A prizefighter with a great head for business, friends in high places and absolutely no conscience, Larry Sullivan organized Portland's shanghaiiers into a cartel — causing international notoriety for Portland. (Part 1 of 2)

A view of the Portland harbor as it appeared in roughly 1904, the
year Larry Sullivan closed down his Portland boardinghouse
operations. This postcard is postmarked 1905.

Sometime around 1897, complaints suddenly started pouring into the headquarters of shipping companies in Liverpool and Hamburg from the captains in charge of their ships. It seemed something new was happening in the faraway American port city of Portland.

Apparently the local sailors’ boardinghouses operators — known as “crimps” — had suddenly started playing dirty. Once a ship arrived in port there, the sailors would all vanish — and the ship wouldn’t be leaving the city until its captain had paid thousands of dollars to the owner of the boardinghouse in which they were staying.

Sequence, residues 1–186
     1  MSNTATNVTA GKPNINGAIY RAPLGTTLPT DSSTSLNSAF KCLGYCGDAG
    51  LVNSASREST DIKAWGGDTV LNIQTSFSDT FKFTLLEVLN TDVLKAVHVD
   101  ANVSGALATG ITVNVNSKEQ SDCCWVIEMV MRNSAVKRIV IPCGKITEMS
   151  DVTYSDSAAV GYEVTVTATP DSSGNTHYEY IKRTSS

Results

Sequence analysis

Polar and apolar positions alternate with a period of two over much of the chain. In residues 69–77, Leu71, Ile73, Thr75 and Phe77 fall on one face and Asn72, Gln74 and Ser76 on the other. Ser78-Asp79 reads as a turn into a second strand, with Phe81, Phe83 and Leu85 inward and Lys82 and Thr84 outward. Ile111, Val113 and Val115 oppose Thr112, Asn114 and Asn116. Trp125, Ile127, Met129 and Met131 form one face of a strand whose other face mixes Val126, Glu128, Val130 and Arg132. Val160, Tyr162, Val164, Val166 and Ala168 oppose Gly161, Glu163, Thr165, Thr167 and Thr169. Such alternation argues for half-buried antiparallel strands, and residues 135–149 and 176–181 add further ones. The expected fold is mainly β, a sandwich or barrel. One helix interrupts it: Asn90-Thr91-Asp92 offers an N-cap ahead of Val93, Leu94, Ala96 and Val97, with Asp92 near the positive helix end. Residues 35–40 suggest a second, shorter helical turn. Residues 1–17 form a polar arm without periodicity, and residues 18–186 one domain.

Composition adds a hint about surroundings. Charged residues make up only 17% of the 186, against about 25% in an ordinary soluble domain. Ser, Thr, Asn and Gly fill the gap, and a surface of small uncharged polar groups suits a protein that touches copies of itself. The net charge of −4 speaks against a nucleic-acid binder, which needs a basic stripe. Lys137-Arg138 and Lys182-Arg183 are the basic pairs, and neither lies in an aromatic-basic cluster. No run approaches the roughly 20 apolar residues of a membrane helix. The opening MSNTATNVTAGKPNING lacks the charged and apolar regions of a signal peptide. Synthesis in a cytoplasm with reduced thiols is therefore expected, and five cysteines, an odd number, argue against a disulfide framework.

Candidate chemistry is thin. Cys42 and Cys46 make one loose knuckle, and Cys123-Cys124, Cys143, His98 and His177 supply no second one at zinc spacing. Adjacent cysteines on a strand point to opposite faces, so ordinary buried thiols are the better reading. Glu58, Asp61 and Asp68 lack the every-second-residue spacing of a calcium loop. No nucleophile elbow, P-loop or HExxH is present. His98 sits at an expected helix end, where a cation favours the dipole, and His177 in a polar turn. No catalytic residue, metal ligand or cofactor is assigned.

Though the skippers had always had to pay “blood money” bonuses to the crimps to get crew members, they’d never before had to pay so much, for so many men. It was costing the skippers a lot of money. And the few who protested quickly found it cost them plenty more; it seemed as if the entire city of Portland was in on the scam. Complaining to the police got a skipper, at best, nothing — and at worst, an expensive delay in port while legal matters were sorted out and possibly even a little time in the local hoosegow, usually followed by a sudden increase in the crimps’ fees.

The seaport town of Astoria as it appeared in the 1890s. Even after he